From Bill Freeman

I was delighted to hear the recent news that racing is returning to the Nashville Fairgrounds Speedway next week! The last race, the All American 400, was held all the way back in November. Due to the COVID-19 pandemic, races — like so many other fun activities — have been repeatedly postponed. But Metro officials have given the green flag for a race next weekend. (The race was at first announced for June 27, but has since been moved back to the Fourth of July.)

The Nashville Fairgrounds Speedway is the second-oldest racetrack in operation today in the United States, and it has played host to many famous races and drivers. Established in 1904 as a dirt track, it hosted harness horse races, motorcycle races and “horseless carriage” races. The track was paved in 1958 and began to host NASCAR races, which continued through 1984. Later in the ’80s, late-model stock cars came along, bringing celebrity drivers like Bobby Allison, Jeff Green, Darrell Waltrip and Dale Earnhardt to our track. The Speedway has hosted the ARCA racing series, the Craftsman Truck Series, the Busch Series and others — it is also one of the rare half-mile tracks left in the world of stock-car racing. Little wonder it’s been reported that the track is one of five in the nation that race fans want NASCAR to bring back. 

Many of us still have fond memories of attending the races at the Speedway with our families. In my case, you might even say it was a Freeman family tradition. The night air, the carnival-style food and the finely tuned engines enthralled us and made us fans. 

The early 2000s brought more change to the Speedway, with many of the bigger races moving to the Nashville Superspeedway in Lebanon. A shifting race schedule left fans seeking their race entertainment elsewhere. The political fights over who would control the racetrack started to drive off the larger-name races, NASCAR included. 

In 2017, Major League Soccer began looking for a home in Nashville for an expansion team — and they were looking to The Fairgrounds Nashville. At the same time that MLS was looking to improve the fairgrounds and proposing the added soccer stadium, there were still many decisions that needed to be made pertaining to the Speedway. Should it remain? Historic or not, how could it remain if there were no races large enough to draw in spectators?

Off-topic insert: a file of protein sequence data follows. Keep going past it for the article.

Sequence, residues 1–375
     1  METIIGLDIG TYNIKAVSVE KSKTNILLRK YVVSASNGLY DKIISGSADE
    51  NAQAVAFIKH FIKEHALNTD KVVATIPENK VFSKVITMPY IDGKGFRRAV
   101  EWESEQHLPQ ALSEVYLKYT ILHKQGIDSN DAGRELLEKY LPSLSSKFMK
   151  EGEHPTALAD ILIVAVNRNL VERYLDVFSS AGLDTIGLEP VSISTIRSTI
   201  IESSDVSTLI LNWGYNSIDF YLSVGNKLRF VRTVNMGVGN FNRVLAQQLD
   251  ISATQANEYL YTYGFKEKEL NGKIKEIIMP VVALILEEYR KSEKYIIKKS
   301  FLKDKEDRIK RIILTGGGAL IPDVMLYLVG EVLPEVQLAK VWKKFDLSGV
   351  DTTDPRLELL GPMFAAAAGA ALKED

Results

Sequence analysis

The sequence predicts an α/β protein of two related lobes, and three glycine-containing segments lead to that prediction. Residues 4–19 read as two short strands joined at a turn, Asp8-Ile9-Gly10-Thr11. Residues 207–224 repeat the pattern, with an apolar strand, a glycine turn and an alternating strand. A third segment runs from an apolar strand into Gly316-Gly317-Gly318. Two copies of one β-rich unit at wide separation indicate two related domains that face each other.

Thankfully, we’ve had some very avid racing fans and advocates working with the city to try to preserve the Speedway. One of those advocates was former track promoter Tony Formosa, who in recent years met with Nashville city officials and NASCAR officials, even partnering with Speedway Motorsports with the common goal of bringing NASCAR-sanctioned events back to the track. 

Though Formosa is no longer at The Fairgrounds Nashville, his dream for the Speedway to come back to life may soon come true. Bob Sargent of Track Enterprises, who previously promoted ARCA races at the Nashville track, has been awarded a one-year contract to promote races at the Nashville Fairgrounds Speedway — and thus next weekend’s race kicking things off.

Sargent is also quite interested in improving the Speedway and seeing NASCAR return. He says he’s just waiting to see what will happen, as last spring Speedway Motorsports Inc. sent the mayor a $60 million proposal to renovate the Speedway, double the Speedway’s capacity to 30,000 and provide other upgrades. Nashville Soccer Club also presented plans for a 30,000-seat soccer stadium and development of the fairgrounds. Mayor Cooper wanted the two projects to work in parallel. To that end, Nashville SC developed plans to accommodate the soccer stadium while still allowing room for the Speedway proposal/plans to be successful. The Tennessean recorded Mayor Cooper saying he was “super interested” in getting NASCAR events back once again, and now that MLS has the ball rolling, the Speedway could soon be getting its due. 

Mayor Cooper has patiently waited for the right parties to come to the table, and for the right situation. He can obviously see the economic driver — pun intended — that racing will be for Nashville, especially if NASCAR does indeed return. 

To me, the July 4 race is a sign of good things to come. Though the environment may be slightly different this time as the new promoters work to implement the best health practices, they’ve also added a few upgrades — like new paint, a new sound system, lights, handrails and more — to ensure everyone has an enjoyable experience. Just seeing the Nashville Fairgrounds Speedway recapturing a little of its former glory and holding these races, and knowing NASCAR still has an interest in Nashville, I can’t help but feel excited. I’m going to call my boys to see if they’re ready to go! 

Bill Freeman

Bill Freeman is the owner of FW Publishing, the publishing company that produces the Nashville Scene, Nfocus, the Nashville Post and Home Page Media Group in Williamson County.

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